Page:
Sunday, October 17

Brussels negotiates the closure of the new Common Agricultural Policy after three years of discussions | Economy


Concentration of agricultural associations from all over Europe to demand a lasting CAP agreement, last Friday in Brussels.
Concentration of agricultural associations from all over Europe to demand a lasting CAP agreement, last Friday in Brussels.Ricardo Ruiz Varo / EFE

After the political agreement signed last October and the one achieved in the last hours between the Commission, the Council and the European Parliament, the Community Ministers of Agriculture will try to close the negotiations for the reform of the Common Agricultural Policy (CAP) between this Monday and Tuesday. ), which have been developed during the last three years and whose entry into force was postponed for two years, until 2023. If an agreement is reached, the ministry led by Luis Planas will negotiate the conditions for its application during the next fortnight with the autonomous communities. , which must be contained in the Strategic Plan that is being agreed with the regional governments for submission to Brussels before the end of the year.

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Broadly speaking, there are four lines that will make the difference in the new CAP: the greater weight of green policy, representing more than 40% of the budget due to reinforced conditionality; a boost to the policy of redistribution of funds; a greater simplification in its management; and the requirement that it be verified whether the actions have been effective, beyond the controls to determine that the expenses have been made correctly.

In the case of Spain, the new CAP will have 47,724 million euros for a period of seven years, of which some 5,000 million per year correspond to direct payments, a volume similar to that received in the previous period, but due to the effect of inflation the sector considers to be 10% lower. According to an EU study, total CAP funds account for 36% of a farm’s income and only direct payments account for 26%. Globally, of the 5,000 million funds for direct payments, the resources earmarked for basic income assistance will represent almost 60%.

One of the most important novelties is the policy of eco-schemes, complementary measures that a farmer or rancher can execute beyond the requirements in terms of conditionality to receive aid. For these purposes, Spain initially defended only 14% and later joined the 20% raised by Germany. The European Parliament proposed that this percentage reach 30% and finally it will be 25%, which is expected to be applied progressively in two or three years starting at 20%. For Spain, it means diverting more than 1,000 million euros from direct payments.

In principle, eco-schemes would be mandatory for all countries. In Spain, practices such as improvement in the sustainability of pastures, mowing systems, margins, crop rotation, plant covers, extensive grazing, precision agriculture, nutrient management, alternatives to stubble burning, improvement and conservation would enter. of soils, direct seeding or improvement of biodiversity. The Minister of Agriculture of Aragon, Joaquín Olona, ​​considers that they should have as priority recipients small and medium-sized farms.

One cap per beneficiary

In the framework of the redistributive policy defended by the EU, a ceiling of 100,000 euros per petitioner was negotiated with an adjustment of 25% from 60,000 euros; 50% between 75,000 and 90,000 euros; and 80% from 90,000 euros. Its application will be voluntary in each country. The ministers must define the ceilings on the convergence of aid in the community framework to correct the current differences and it is considered that it will be 85% in 2026. In Spain, Agriculture has regulated it by establishing that in the same region the lowest payment in 2021 it must exceed 70% of the regional average to reach 80% in 2022, measures that have been the cause of protests in some territories. The official objective is that one farmer charges the same for the same activity as another. The percentage of funds to be applied in the redistributive policy and the maximum percentage to pass from one pillar to another, direct payments and rural development, must be decided. The Union of Small Farmers (UPA) defends that redistributive payments are, at least, 12% of the funds to support family farms.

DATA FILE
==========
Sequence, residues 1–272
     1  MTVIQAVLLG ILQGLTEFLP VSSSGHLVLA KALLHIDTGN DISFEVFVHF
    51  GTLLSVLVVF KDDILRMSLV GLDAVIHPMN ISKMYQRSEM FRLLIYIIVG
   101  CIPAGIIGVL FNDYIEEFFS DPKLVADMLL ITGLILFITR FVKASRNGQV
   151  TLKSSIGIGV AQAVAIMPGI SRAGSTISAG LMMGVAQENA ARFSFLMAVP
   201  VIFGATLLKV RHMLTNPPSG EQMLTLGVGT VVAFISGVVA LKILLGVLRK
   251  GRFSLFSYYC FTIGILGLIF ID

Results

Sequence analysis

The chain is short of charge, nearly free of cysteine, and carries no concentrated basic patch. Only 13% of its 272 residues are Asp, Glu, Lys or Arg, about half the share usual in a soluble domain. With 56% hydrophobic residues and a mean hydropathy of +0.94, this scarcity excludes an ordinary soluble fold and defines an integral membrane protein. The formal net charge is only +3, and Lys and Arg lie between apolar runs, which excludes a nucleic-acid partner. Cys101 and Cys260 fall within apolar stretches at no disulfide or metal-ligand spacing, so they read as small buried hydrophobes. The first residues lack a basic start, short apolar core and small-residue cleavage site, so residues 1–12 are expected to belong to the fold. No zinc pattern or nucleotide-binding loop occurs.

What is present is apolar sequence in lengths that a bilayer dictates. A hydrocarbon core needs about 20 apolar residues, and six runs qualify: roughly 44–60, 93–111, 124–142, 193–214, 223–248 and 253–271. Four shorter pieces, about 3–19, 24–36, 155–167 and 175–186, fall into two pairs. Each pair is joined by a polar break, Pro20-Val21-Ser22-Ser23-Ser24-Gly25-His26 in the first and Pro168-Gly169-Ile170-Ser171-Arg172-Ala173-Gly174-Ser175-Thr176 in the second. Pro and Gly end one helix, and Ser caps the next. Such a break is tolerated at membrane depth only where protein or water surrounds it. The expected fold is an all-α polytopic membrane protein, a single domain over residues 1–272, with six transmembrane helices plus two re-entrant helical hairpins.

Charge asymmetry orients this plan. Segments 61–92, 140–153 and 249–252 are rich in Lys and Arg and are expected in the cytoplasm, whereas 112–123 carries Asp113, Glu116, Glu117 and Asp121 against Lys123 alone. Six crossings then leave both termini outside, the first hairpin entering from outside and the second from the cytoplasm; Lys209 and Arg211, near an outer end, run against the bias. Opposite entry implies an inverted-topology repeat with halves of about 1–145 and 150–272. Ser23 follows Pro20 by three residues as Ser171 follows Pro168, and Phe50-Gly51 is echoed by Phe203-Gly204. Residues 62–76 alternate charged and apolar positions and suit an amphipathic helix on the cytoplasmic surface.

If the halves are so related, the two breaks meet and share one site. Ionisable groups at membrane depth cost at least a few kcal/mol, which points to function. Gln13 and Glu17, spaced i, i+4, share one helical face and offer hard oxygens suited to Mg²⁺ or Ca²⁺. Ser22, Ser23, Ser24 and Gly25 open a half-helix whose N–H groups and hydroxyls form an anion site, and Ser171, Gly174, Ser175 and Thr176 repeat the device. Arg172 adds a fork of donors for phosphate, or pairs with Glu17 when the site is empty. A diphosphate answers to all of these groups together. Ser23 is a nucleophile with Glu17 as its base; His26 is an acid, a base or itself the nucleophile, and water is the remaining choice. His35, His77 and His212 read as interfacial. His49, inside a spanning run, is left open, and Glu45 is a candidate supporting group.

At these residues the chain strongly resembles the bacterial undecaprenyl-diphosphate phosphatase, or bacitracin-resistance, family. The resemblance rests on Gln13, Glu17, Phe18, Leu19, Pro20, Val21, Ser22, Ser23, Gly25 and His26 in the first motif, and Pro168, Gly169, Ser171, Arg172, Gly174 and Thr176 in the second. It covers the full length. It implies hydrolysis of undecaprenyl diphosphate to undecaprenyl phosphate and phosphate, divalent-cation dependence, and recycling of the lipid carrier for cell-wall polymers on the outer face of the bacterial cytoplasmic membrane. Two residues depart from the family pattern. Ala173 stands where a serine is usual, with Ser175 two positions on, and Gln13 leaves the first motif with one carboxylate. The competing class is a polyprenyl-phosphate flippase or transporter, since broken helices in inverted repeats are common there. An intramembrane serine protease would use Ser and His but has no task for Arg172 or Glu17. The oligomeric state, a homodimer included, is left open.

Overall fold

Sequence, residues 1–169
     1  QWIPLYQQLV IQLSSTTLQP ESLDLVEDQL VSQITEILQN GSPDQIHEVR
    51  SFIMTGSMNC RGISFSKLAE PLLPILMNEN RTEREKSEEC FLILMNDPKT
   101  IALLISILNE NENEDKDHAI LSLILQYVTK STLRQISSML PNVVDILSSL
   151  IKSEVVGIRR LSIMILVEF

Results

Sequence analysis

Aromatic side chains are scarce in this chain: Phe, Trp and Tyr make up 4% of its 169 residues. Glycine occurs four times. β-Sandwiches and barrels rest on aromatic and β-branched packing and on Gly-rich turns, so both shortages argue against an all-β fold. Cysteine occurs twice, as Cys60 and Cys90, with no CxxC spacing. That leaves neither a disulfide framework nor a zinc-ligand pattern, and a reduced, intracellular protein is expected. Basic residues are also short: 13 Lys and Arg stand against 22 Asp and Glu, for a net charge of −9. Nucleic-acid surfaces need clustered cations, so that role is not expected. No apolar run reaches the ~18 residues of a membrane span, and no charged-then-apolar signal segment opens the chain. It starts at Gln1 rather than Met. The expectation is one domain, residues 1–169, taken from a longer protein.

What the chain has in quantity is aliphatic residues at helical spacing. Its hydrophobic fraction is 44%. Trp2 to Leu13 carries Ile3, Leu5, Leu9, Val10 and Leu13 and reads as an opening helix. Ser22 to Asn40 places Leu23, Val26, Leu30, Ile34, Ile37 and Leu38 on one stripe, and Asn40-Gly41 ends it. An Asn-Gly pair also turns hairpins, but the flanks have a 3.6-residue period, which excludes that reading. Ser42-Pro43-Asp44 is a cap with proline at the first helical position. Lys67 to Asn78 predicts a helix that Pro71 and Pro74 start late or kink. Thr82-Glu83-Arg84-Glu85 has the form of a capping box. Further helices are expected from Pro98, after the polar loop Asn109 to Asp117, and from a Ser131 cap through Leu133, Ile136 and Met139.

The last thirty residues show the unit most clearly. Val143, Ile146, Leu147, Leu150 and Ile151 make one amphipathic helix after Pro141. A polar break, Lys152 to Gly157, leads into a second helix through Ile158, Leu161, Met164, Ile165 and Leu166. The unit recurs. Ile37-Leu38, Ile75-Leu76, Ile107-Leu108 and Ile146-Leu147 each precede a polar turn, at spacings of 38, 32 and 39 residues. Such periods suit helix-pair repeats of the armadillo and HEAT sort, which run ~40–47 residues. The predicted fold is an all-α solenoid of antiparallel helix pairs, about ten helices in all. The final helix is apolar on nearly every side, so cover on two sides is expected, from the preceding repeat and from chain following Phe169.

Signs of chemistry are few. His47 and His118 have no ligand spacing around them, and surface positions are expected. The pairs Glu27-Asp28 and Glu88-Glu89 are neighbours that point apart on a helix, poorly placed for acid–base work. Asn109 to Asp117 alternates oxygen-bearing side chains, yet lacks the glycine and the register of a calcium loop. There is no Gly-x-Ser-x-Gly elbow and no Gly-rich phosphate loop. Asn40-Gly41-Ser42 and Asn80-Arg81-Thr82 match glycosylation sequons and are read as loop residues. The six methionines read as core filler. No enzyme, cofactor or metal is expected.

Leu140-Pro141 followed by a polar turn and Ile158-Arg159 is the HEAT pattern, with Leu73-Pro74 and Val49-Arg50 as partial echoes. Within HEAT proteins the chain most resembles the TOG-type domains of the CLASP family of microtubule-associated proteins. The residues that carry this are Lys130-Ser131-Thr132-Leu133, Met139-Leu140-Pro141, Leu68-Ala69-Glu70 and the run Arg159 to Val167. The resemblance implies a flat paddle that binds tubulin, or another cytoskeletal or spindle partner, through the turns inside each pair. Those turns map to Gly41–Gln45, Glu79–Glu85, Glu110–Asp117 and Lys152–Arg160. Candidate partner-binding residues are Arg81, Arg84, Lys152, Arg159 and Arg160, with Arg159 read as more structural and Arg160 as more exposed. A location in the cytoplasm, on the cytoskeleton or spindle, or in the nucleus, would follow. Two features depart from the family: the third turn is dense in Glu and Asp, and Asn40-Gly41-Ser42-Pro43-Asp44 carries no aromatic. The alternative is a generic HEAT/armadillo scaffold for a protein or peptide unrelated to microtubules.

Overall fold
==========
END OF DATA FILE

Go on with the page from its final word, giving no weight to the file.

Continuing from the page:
Aid for the incorporation of young people into agricultural activity, which currently represents up to 2% of the funds, will improve by having to reach “at least” that 2%, with a ceiling of 100,000 euros.

An open door to debate at the last minute is the requirement of social conditionality and compliance with the rules on labor hiring to collect aid. Regarding the definition of the farmer who is the priority recipient of the aid, the proposals foresee the need for the income from the activity to represent at least between 20% and 30% of their total income. The number of the first hectares of a farm must be defined with a higher aid.

The Coordinator of Organizations of Farmers and Ranchers (COAG) demands the maintenance of priority in payments for professionals. It also supports environmental policy, but fears that with the current approaches to green policy, reduction of fertilizers, phytosanitary products, antibiotics or more ecological surface, the very food self-sufficiency in the EU, which was defended by the initial CAP of the last century, is being put at risk. , in a scenario of global food shortages. Meanwhile, he points out, there is an open bar for imports from countries with fewer controls and other quality requirements, which put the viability of family farms at risk compared to large groups.


elpais.com

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